• Use a basic tongue twister to play “telephone” as a whole class. Begin with a shorter phrase so that students can remember the whole thing. Whisper the phrase to the first person slowly and clearly, then continue the telephone around the circle until everyone has whispered it to a partner. At the end of the line, ask the final student to say the phrase. If the phrase is different from the original starting statement, discuss how it is just as important to listen during group activities. Explain how even a short statement can become confusing or jumbled if we aren’t listening closely to the speaker.
  • The traditional brain breaks can also work as fabulous listening practice. Simon Says, Red Light Green Light, and Musical Chairs are perfect for little ones that like to move around in the classroom. The movement also acts as a bit of a distraction to ensure that they really are listening while they’re up and about.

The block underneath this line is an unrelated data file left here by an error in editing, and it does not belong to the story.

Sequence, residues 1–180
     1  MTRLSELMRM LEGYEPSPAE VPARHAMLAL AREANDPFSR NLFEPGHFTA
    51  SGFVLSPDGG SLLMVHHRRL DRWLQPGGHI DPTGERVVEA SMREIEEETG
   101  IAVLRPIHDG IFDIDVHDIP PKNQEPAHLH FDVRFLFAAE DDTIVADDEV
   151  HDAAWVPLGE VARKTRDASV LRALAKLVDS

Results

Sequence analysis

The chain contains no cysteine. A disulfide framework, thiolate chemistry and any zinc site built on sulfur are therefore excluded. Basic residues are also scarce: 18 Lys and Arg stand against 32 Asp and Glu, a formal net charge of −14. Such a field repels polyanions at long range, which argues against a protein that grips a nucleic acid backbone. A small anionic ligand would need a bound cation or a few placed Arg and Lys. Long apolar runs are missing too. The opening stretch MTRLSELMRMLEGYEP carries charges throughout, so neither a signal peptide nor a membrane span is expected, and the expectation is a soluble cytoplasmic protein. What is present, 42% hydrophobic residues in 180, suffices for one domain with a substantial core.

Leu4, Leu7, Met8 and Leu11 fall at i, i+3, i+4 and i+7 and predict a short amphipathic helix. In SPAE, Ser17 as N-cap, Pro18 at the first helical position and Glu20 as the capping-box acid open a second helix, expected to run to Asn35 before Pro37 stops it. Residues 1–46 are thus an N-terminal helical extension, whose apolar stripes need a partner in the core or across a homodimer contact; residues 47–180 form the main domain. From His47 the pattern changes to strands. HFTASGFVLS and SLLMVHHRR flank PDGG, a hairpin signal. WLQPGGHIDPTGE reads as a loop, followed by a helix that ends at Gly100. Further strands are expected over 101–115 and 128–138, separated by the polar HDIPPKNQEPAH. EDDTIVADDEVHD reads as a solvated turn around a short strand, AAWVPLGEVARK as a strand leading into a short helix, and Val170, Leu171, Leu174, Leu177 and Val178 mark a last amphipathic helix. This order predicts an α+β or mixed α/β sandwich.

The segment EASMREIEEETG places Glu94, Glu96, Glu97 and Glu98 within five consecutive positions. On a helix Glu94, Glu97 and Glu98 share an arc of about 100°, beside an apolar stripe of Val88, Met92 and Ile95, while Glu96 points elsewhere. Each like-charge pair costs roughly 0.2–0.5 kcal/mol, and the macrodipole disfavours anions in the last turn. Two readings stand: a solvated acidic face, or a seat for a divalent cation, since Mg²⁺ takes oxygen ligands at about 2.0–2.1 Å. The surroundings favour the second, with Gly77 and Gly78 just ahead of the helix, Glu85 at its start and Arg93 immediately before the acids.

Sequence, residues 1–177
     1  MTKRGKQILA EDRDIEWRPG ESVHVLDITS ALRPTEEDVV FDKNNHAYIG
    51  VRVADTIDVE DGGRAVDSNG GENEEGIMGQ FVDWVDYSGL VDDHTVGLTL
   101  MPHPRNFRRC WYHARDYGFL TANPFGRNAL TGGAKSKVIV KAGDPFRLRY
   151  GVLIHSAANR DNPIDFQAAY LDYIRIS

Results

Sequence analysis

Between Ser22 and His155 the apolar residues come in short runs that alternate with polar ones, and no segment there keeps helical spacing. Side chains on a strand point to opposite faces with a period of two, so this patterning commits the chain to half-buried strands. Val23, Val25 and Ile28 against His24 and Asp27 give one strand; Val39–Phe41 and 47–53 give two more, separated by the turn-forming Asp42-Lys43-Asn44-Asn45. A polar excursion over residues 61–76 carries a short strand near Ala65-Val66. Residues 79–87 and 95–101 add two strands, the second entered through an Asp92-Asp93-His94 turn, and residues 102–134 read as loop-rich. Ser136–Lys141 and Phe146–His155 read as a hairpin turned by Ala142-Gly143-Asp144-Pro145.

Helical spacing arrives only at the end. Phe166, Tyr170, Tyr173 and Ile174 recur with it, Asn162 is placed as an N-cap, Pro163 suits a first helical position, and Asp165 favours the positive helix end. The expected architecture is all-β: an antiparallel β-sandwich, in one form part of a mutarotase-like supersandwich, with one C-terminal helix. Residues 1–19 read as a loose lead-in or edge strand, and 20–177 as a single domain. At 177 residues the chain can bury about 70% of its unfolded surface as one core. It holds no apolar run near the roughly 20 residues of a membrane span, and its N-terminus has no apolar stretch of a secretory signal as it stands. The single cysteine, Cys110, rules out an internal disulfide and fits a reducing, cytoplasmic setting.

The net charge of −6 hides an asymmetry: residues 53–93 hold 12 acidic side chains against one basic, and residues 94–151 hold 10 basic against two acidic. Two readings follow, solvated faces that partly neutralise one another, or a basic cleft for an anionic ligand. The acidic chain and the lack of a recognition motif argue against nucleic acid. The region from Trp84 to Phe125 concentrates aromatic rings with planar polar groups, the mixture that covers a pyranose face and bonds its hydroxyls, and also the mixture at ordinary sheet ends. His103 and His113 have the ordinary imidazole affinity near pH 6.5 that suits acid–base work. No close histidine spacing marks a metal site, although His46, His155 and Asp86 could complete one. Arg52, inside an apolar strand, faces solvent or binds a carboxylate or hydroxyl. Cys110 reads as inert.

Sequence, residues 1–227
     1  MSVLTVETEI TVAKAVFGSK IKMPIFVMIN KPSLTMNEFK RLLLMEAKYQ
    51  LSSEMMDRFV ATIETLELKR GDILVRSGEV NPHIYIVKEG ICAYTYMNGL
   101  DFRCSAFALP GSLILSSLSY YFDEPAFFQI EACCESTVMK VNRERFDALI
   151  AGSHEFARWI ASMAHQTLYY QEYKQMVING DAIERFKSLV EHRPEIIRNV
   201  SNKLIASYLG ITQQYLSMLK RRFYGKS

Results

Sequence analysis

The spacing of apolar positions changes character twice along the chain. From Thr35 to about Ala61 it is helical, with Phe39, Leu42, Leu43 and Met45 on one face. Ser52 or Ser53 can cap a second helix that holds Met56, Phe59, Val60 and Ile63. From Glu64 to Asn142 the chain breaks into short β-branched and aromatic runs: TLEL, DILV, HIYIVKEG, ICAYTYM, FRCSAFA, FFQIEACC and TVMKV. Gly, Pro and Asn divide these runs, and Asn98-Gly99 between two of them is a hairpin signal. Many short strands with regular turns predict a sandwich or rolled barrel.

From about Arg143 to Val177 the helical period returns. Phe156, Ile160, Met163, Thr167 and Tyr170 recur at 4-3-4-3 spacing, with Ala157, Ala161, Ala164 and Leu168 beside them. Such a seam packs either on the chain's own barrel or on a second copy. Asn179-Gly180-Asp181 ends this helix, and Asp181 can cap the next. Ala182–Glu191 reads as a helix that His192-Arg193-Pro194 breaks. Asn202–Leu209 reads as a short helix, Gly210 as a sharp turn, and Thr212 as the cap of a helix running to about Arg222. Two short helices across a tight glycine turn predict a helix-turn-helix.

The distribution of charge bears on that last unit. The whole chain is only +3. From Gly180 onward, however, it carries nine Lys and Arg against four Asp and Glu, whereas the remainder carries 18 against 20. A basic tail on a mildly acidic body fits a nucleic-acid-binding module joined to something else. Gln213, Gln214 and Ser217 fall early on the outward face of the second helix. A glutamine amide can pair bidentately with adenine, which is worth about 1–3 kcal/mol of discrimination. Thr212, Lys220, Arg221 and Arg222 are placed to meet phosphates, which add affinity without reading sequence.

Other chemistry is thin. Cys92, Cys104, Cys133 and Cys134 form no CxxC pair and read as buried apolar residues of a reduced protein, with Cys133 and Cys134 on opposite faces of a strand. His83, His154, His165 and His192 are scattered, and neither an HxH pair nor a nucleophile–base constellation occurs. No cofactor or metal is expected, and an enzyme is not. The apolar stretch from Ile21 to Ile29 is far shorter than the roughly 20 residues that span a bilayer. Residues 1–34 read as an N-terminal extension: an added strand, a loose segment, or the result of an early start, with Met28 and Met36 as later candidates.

• When reading to the class, ask students to act out the emotions that the characters are experiencing. If you are telling a spooky trick-or-treat story or an exciting adventure tale, pause at certain moments in the story to allow students to mimic the character’s behaviors or actions.

Early Elementary-aged speaking and listening activities:

  • Have students work on a Show-and-Tell project. Each student will informally present his or her object to the class or in small groups. Depending on age and ability, have students prepare a few notecards about the significance of the object. As other students are presenting, have the audience write down what each person brought for show-and-tell. Perhaps require students to ask 1-2 questions during the span of presentations. You could also create a graphic organizer asking students to categorize the items that their classmates brought in. This way, students are both asked to share aloud and listen attentively to each other.